My high school senior spent the last week, preparing for a speech and debate tournament,Â researching the pros and cons of passing new state law calling for the execution of those prisoners sentenced to death within 20 days of their sentencing date.Â It was pretty dramatic stuff, because in high school debate tournaments in OC, you must be able to debate a position you do not personally hold.
The high cost of executing a prisoner can be played on both sides of the argument.
With the law-and-order Republicans always calling for stiffer penalties and longer jail sentences, and then decrying the high cost of prisons, I appeal to your low taxes mantra; you can save our state $114 million a year by immediately abandoning the death penalty and instead incarcerating a prisoner for life without a chance for parole.
This NY Times opinion article makes a pretty compelling case:
“States waste millions of dollars on winning death penalty verdicts, which require an expensive second trial, new witnesses and long jury selections. Death rows require extra security and maintenance costs.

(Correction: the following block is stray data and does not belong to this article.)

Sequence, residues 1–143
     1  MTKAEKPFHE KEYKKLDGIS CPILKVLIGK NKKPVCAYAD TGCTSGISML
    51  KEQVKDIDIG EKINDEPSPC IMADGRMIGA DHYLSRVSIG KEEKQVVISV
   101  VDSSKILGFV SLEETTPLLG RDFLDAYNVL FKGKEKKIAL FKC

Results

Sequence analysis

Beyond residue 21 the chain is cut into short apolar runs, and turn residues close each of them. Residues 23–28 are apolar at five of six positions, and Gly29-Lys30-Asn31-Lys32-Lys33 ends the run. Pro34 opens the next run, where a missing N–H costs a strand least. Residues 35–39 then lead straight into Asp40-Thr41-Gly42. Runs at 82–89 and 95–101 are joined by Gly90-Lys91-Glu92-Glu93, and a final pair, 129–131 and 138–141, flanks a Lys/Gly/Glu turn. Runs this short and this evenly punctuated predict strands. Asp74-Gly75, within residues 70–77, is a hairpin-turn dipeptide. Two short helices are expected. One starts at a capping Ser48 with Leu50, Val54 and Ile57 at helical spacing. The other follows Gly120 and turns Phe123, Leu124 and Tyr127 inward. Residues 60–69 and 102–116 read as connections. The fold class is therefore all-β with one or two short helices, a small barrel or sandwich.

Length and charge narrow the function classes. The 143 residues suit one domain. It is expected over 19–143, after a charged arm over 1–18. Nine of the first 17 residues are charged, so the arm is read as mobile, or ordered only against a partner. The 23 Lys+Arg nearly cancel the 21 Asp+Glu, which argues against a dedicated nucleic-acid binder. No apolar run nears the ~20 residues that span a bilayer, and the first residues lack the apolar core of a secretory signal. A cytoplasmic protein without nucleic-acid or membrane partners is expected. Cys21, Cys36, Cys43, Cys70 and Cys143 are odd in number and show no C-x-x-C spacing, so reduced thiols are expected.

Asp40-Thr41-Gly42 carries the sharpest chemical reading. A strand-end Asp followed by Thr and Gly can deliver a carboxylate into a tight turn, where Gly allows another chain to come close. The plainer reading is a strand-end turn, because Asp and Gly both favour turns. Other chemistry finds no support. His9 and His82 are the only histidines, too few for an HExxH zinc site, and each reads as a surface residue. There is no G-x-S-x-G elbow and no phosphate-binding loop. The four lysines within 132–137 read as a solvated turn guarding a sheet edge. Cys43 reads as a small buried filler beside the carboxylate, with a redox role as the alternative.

Perhaps the most extreme example is California, whose death row costs taxpayers $114 million a year beyond the cost of imprisoning convicts for life. The state has executed 13 people since 1976 for a total of about $250 million per execution. This is a state whose prisons are filled to bursting (unconstitutionally so, the courts say) and whose government has imposed doomsday-level cuts to social services, health care, schools and parks.”
So, for those doing the math at home; that’s nearly $2 million per execution.Â Ask yourself.Â Is Scott Peterson worth $2 million it will take to kill him or is it better punishment to let him rot in solitary for the rest of his life? The Innocence Project has some compelling data on death sentence cases and the site is worth seeing.
We’re broke.Â Rather than spend money on death row prisoners, we could spend it on schools, state parks, shelters for battered women, and more prisons if we need them.
The death penalty is not a deterrent; Texas and Florida probably executive more prisoners than any othr state and they still have a high number of capital cases resulting in a death sentence.Â The only thing an execution stops is that prisoner from ever killing again.